ReFRAMED: Remote Documentaries and Collective Narrative Construction

Surakarta (Solo)

Within the ongoing rapid urbanization, cities are becoming more digital. The uptake of digital communication technologies has significantly increased these past years, especially as the role of social media is getting more significant. Social movements, as well as grassroots and marginalized communities, have started to use digital tools to communicate and amplify their voices. At the same time, as more videos and pictures are being shared, there is a need to involve actively in the conversation and use the tools to harness the power of narratives for strategic ends for those communities.

In 2021, in collaboration with DPU UCL and Cenca, Kota Kita worked on an action research initiative and asked an important question of how the power of narratives could be used for transformative change. The initiative wanted to explore ways of documenting community praxis through participatory visual narratives, foster creativity to tell stories, understand the ethical implications of visual tools, and at the same time also build capacity within organizations and community members.

Before going deeper into the practical sense of narrative building, participants and facilitators explored and learned about the ethical reflection of filmmaking and its impact from documentary experts and social movements media practitioners. The process was followed by facilitating a hands-on series of training sessions where participants could engage in a participatory storytelling process and make their own film.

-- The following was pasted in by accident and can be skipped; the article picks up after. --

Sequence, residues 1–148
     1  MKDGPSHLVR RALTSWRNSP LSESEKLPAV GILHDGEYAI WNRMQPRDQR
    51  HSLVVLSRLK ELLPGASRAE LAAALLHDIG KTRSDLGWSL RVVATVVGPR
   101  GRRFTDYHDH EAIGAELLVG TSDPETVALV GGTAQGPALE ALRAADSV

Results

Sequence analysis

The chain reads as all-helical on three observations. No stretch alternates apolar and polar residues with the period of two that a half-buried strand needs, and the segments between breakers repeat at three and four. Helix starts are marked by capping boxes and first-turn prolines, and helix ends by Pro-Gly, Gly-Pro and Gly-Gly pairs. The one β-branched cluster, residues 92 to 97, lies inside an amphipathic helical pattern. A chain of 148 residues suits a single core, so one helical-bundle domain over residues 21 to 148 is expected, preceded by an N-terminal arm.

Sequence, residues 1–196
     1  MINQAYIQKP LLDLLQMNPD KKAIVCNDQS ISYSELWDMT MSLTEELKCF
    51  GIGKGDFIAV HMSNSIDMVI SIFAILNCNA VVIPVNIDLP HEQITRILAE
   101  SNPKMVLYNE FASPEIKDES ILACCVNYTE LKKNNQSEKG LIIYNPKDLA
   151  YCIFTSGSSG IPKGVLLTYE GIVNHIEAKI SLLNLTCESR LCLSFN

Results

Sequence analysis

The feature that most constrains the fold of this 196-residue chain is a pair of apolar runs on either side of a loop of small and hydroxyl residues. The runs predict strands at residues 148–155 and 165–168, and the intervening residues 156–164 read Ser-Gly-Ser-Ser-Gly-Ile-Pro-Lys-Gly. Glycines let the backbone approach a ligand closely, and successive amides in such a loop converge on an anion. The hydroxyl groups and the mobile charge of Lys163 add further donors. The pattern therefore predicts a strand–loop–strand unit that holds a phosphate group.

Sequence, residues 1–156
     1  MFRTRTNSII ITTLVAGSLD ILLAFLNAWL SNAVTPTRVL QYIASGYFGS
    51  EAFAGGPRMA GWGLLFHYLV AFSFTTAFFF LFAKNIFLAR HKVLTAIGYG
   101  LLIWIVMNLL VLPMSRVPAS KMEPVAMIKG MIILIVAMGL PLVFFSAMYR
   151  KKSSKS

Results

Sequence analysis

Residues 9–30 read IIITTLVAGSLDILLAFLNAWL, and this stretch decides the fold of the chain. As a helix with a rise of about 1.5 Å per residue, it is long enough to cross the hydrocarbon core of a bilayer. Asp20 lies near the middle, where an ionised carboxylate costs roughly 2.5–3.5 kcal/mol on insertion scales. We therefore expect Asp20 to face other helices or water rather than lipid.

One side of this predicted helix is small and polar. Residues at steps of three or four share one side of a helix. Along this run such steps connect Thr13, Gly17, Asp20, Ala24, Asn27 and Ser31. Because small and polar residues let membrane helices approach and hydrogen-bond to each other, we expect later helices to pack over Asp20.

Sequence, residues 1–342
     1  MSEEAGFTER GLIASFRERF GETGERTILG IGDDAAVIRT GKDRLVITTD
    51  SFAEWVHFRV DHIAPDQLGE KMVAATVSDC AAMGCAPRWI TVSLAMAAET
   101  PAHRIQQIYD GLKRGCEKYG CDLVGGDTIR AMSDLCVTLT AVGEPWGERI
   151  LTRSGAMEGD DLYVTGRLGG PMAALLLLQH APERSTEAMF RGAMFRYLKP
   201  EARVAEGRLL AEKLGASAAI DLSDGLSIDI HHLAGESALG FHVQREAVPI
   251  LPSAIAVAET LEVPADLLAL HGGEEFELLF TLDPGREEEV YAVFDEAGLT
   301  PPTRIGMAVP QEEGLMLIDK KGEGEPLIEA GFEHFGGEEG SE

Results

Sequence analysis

In the training phase, the project used participatory video to facilitate collective narrative construction with the community members as a space for sharing thoughts and aspirations more meaningfully. The initiative hoped to build the community’s storytelling and video production skills through the training sessions. In the first sessions, participants identified and prioritized stories that best portrayed their experiences and aspirations and reflected the importance of those stories. The participants also had the opportunity to learn practical video-making skills, such as storyboarding, shooting, and editing. The community members finally produced their own film as the final output, where they directed, shot, and acted in the film. As a team of facilitators in the project, Kota Kita’s role was to co-develop the training guideline with the UCL research team, organize and facilitate the sessions, and work with the community to consolidate the findings and the final film.

At the end of the engagement, we screened the final film in the neighborhood’s public space where other residents, not only the participants, could also watch and reflect on the story and the film itself. Building their narrative and making their experiences and reality part of a bigger conversation can lead to a stronger sense of agency and ownership of the aspirations conveyed through the story, which is important for strengthening collective solidarity within and beyond the community.